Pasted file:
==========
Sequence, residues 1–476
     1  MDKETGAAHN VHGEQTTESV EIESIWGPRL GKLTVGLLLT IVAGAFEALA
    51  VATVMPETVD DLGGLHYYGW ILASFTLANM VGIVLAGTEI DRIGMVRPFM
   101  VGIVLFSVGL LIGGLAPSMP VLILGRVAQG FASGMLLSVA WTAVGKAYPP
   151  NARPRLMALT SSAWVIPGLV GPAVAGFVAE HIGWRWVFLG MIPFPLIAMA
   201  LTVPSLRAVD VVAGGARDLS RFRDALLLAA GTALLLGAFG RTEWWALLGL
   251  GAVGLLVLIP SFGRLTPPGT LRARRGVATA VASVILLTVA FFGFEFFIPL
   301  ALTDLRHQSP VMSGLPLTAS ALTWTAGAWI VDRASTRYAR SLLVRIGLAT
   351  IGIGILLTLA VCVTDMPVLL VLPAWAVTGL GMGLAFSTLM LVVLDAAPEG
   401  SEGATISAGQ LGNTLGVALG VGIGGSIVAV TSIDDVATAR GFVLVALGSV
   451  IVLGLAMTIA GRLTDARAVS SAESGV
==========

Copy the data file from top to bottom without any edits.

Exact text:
Sequence, residues 1–476
     1  MDKETGAAHN VHGEQTTESV EIESIWGPRL GKLTVGLLLT IVAGAFEALA
    51  VATVMPETVD DLGGLHYYGW ILASFTLANM VGIVLAGTEI DRIGMVRPFM
   101  VGIVLFSVGL LIGGLAPSMP VLILGRVAQG FASGMLLSVA WTAVGKAYPP
   151  NARPRLMALT SSAWVIPGLV GPAVAGFVAE HIGWRWVFLG MIPFPLIAMA
   201  LTVPSLRAVD VVAGGARDLS RFRDALLLAA GTALLLGAFG RTEWWALLGL
   251  GAVGLLVLIP SFGRLTPPGT LRARRGVATA VASVILLTVA FFGFEFFIPL
   301  ALTDLRHQSP VMSGLPLTAS ALTWTAGAWI VDRASTRYAR SLLVRIGLAT
   351  IGIGILLTLA VCVTDMPVLL VLPAWAVTGL GMGLAFSTLM LVVLDAAPEG
   401  SEGATISAGQ LGNTLGVALG VGIGGSIVAV TSIDDVATAR GFVLVALGSV
   451  IVLGLAMTIA GRLTDARAVS SAESGV